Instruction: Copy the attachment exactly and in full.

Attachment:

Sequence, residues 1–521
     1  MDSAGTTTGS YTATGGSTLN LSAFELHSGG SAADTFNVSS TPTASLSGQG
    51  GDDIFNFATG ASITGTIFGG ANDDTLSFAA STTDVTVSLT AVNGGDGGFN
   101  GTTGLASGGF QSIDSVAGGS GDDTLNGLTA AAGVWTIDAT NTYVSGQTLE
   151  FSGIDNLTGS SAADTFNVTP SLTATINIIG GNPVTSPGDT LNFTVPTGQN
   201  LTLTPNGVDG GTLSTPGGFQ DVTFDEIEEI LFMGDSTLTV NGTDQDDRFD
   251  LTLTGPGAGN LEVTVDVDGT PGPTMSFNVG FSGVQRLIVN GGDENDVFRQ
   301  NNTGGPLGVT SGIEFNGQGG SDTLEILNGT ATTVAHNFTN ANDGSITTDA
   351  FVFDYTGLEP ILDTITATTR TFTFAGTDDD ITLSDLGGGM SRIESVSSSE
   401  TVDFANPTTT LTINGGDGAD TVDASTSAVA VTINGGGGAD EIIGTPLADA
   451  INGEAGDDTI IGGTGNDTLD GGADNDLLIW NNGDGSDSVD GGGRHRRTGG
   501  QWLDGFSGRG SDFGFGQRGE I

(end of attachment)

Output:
Sequence, residues 1–521
     1  MDSAGTTTGS YTATGGSTLN LSAFELHSGG SAADTFNVSS TPTASLSGQG
    51  GDDIFNFATG ASITGTIFGG ANDDTLSFAA STTDVTVSLT AVNGGDGGFN
   101  GTTGLASGGF QSIDSVAGGS GDDTLNGLTA AAGVWTIDAT NTYVSGQTLE
   151  FSGIDNLTGS SAADTFNVTP SLTATINIIG GNPVTSPGDT LNFTVPTGQN
   201  LTLTPNGVDG GTLSTPGGFQ DVTFDEIEEI LFMGDSTLTV NGTDQDDRFD
   251  LTLTGPGAGN LEVTVDVDGT PGPTMSFNVG FSGVQRLIVN GGDENDVFRQ
   301  NNTGGPLGVT SGIEFNGQGG SDTLEILNGT ATTVAHNFTN ANDGSITTDA
   351  FVFDYTGLEP ILDTITATTR TFTFAGTDDD ITLSDLGGGM SRIESVSSSE
   401  TVDFANPTTT LTINGGDGAD TVDASTSAVA VTINGGGGAD EIIGTPLADA
   451  INGEAGDDTI IGGTGNDTLD GGADNDLLIW NNGDGSDSVD GGGRHRRTGG
   501  QWLDGFSGRG SDFGFGQRGE I